Because your kids aren’t good enough to play

The fall high school and youth league sports season is peaking and Bill Speros, who writes as “The Obnoxious Boston Sports Fan” has heard enough of the one question every coach is hearing: “Why isn’t my kid playing?”

Your kid isn’t good enough, he says.

His column over the weekend responds to another in the Boston Globe last week in which a columnist complains that his kid didn’t play in a youth football game, apparently because the goal of the game is to win.

A coach takes one of his small players aside — and the little boy is crying.

“What’s that all about?” I asked my son. “Paul didn’t play,’’ he told me. After a pause, he added: “And I didn’t either, dad.’’ And then my son, too, burst into tears. There have been few times in my life that I have seen brighter shades of red.

Like most parents, I have been the beneficiary of the fine talent and the donated time of dedicated, hard-working coaches. They inspire. They nurture. They are treasures. And, thankfully, they outnumber the knuckleheads.

But there is a healthy minority who worship only the final score. Some of them, as the great Tommy Lasorda would say, couldn’t hit the water if they fell out of a [expletive] boat. They are members of the win-at-all-cost club.

If your kid is the star quarterback, or the captain of the field hockey team, you probably love them. But if you’re like most, parents of kids with average ability, you want to throttle them.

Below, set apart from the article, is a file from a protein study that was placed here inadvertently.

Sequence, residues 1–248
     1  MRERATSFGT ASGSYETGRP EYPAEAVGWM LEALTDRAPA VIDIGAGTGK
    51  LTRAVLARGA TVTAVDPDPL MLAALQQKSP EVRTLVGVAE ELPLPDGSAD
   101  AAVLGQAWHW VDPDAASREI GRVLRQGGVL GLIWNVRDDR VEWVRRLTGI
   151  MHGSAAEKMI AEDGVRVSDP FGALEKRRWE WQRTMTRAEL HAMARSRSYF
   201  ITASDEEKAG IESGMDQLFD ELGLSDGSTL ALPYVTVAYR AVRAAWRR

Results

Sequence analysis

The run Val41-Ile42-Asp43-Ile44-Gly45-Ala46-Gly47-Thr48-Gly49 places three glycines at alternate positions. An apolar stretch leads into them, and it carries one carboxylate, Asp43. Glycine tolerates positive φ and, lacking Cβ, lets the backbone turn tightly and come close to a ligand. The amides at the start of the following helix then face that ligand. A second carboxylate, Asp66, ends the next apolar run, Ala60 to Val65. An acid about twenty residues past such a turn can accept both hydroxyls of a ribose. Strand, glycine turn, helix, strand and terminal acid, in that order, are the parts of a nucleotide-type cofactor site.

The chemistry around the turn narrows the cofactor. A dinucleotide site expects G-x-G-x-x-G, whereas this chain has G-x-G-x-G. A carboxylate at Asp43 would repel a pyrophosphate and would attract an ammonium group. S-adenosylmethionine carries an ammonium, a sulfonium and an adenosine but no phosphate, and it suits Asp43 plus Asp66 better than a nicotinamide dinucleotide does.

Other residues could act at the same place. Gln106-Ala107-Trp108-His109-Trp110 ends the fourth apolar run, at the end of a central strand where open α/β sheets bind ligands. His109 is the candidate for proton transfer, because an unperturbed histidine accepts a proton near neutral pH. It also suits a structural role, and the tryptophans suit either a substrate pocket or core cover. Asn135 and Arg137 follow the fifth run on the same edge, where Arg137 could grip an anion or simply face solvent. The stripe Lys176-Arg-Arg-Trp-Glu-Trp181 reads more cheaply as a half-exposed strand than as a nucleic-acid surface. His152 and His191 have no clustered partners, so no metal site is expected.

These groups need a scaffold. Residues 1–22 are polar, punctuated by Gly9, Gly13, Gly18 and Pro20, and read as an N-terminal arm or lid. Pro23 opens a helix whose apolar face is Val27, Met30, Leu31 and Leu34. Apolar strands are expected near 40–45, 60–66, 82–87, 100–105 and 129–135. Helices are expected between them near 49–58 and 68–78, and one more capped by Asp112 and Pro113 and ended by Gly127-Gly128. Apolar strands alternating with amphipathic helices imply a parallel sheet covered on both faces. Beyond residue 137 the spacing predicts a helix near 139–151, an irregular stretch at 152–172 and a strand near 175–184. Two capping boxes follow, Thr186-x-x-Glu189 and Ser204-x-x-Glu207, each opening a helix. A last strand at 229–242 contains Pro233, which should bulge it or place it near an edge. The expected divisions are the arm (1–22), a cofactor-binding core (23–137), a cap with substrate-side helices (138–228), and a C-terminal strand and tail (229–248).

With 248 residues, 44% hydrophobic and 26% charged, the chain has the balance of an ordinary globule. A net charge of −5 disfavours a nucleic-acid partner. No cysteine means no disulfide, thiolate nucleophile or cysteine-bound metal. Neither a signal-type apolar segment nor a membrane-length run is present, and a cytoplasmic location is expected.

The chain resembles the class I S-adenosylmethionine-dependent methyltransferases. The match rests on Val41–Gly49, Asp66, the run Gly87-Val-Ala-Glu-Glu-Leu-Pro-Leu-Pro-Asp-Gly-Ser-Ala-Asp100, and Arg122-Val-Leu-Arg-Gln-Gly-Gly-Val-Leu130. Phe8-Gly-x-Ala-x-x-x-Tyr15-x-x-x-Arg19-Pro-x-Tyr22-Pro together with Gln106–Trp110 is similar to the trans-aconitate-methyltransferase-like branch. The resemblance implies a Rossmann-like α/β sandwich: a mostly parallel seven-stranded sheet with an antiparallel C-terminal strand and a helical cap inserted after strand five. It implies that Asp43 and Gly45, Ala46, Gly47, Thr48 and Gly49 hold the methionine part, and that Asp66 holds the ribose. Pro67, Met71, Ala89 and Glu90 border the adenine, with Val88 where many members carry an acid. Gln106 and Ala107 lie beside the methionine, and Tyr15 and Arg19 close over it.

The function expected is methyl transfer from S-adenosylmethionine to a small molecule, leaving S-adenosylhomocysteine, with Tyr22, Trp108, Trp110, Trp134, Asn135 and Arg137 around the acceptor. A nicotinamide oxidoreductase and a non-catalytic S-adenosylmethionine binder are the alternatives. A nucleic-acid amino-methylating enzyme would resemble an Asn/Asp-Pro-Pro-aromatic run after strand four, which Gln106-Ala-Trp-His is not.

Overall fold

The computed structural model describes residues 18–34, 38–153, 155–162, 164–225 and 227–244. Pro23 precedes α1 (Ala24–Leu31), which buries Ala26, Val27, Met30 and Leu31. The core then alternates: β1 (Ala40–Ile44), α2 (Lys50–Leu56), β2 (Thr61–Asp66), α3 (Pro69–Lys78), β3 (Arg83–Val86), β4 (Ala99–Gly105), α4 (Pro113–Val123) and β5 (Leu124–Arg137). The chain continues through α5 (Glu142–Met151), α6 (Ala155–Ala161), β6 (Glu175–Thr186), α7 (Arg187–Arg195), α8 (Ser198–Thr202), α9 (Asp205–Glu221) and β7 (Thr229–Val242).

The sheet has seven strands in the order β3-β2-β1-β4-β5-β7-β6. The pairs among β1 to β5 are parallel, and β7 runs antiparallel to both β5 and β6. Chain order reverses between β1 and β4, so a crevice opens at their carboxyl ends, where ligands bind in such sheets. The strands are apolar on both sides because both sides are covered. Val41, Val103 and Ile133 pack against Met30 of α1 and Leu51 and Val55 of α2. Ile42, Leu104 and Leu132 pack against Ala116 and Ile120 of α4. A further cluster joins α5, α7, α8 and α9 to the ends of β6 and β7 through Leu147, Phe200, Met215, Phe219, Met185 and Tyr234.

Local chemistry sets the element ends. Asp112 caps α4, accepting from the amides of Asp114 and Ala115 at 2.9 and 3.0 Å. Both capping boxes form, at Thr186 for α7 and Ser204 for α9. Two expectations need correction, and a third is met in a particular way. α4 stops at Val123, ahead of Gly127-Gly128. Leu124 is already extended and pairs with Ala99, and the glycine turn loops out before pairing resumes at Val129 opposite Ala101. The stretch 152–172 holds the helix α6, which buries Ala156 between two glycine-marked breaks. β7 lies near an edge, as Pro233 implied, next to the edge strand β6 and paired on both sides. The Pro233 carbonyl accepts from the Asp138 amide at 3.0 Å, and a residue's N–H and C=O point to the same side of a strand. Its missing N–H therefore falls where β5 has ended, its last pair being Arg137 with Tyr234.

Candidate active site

An estimated 20 million children register for competitive sports each year in America. With these frustrated wannabes patrolling our sidelines, it’s little wonder that, according to the National Alliance for Sports, 70 percent of them quit playing by age 13.

“The absurdity of many ‘win-at-all-cost’ coaches in youth sports is neatly matched by the fanaticism of ‘play-my-kid-or-else’ parents at the high-school level,” Speros responds in his grenade.

Far too many children today are living in a world where they never learn “no.” They don’t know how to handle disappointment and failure. Nor do they know how to react and move on when they don’t get their own way. Interacting with actual people, and not just the screens on their iPhones or iPads, is a challenge, if not an impossibility. I won’t call this “abuse,” but it’s pretty damn close.

This is a world constructed by “well-meaning” but dangerously naïve parents. The children know no better because this is what they’re taught. Real-life doesn’t come with “Participation Awards,” “8th-Place Trophies” or laudatory bumper-stickers telling everyone that you’re able to do your job without screwing up.

Playing a team sport, like football, with the right coaching can help students learn life’s difficult lessons, including Mick Jagger’s truism that “you can’t always get what you want.”

“No one is guaranteed ‘playing’ time in life,” he says. “For the most part, hard work, effort, planning and desire is rewarded. The benefits can be wonderful. But it’s good to prepared when it doesn’t work out that way.”